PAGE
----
Online Activism: The National Museum of Australia exhibition website Inside: Life in Children’s Homes (slides)
Adele Chynoweth, Curator, National Museum of Australia, Australia
Inspiring Leaders: Museums Programs Educate about Genocide Prevention and Reinforce Professional Responsibility
Jennifer Ciardelli, Program Coordinator, Civic and Defence Initiatives, 202.479.9714 National Institute for Holocaust Education, United States Holocaust Memorial Museum
Crimes against humanity and public programming at the Imperial War Museum (paper)
Crimes against humanity and public programming at the Imperial War Museum (slides)
Emily Fuggle, Research Officer at the Imperial War Museum, London.
What are we doing anyway? The problem of the effectiveness of museums
Dr. Zahava D. Doering. Editor of Curator: The Museum Journal and Senior Social Scientist, The Smithsonian Institution, Washington, DC
Te Papa Museum and its partnerships
Tracy Puklowski, General Manager of National Services Te Paerangi, Te Papa Tongarewa, Wellington, New Zealand
Taku Manawa (My Human Rights) – a case study in partnership Waikato Museum working with the Human Rights Commission and community
Jasmine Tunstall, Education Programme Team Leader of Social History and Art, Waikato Museum, New Zealand
The Holocaust and the Inner City: Experiences of a local anti-racism initiative
Eve Rosenhaft, Professor of German Historical Studies in the School of Languages, Cultures and Area Studies at the University of Liverpool
John McCarthy, Pupil Support Worker at the Enterprise South Liverpool Academy
Paul Adams, Community Engagement Officer, Centre for Lifelong Learning at the University of Liverpool
Liliesleaf – Fighting to keep our memories alive (paper)
Liliesleaf – Fighting to keep our memories alive (slides)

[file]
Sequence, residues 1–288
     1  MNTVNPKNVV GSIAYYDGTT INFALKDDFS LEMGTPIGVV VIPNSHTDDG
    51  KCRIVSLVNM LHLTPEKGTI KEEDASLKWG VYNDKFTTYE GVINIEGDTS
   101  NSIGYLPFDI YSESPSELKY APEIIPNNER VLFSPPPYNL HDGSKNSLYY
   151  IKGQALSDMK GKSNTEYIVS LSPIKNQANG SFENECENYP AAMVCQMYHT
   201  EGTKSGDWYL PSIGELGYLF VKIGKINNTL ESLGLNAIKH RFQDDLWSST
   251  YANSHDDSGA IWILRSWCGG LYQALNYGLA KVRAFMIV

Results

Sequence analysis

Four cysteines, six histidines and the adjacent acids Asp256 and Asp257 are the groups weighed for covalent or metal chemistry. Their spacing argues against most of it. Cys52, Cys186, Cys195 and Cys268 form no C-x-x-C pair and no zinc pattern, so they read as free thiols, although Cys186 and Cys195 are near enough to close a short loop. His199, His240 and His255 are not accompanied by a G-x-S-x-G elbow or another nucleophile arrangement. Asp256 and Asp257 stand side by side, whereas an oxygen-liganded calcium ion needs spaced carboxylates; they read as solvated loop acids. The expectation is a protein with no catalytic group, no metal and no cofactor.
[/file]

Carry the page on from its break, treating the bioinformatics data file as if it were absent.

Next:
Nicholas Wolpe, CEO of the Liliesleaf Trust, South Africa
Anti-Slavery Education Workshop – Cut Cotton Crimes
Michaela Alfred-Kamara, Education Officer, Anti-Slavery International
Vietnamese Women’s Museum activities target marginalized groups for achieving its equity and development objectives (paper)
Vietnamese Women’s Museum activities target marginalized groups for achieving its equity and development objectives (slides)
Nguyen Thi Bich Van, Director, Vietnamese Women’s Museum, Vietnam.
Victoria Okoloagu, Education Officer, National Museum Lagos, Nigeria.
Freedom and democracy values in Moldova: challenges for the future
Nicoleta Zagura, ICOM Moldova Secretary General, Romania.
Here are just some of the comments that we received after the conference:
“It was an excellent experience and inspirational to hear from so many around the world on such great work”
“It was a wonderfully well-organized conference with a fascinating list of speakers and participants”
“I’d like to thank you all for devoting such great time, energy and ideas to the causes of museums and human rights at FIHRM, and for providing so many of us with the exceptional opportunity to connect with scholars and practitioners from around the world on this important subject. I am so pleased to have been among you at this event”
“I really enjoyed the event and found it very interesting to speak to and share ideas with so many other museum professionals working in this field”
“It was enlightening to hear about the varied work expressed by all panelists”
“Excellent conference in general. Welcoming and stimulating atmosphere. The tours were a great opportunity. I will be back next year. Thank you for this wonderful opportunity”
“I appreciated the sheer diversity of presentations. It is a rare thing for a museum conference to have that diversity”
“Thank you very much for an interesting conference! It was nice to be able to learn about the experiences in other parts of the world – very inspiring”
Partners and Support
The conference was generously granted UNESCO Patronage
Paul Hamlyn Foundation is a supporter of the FIHRM Conference 2011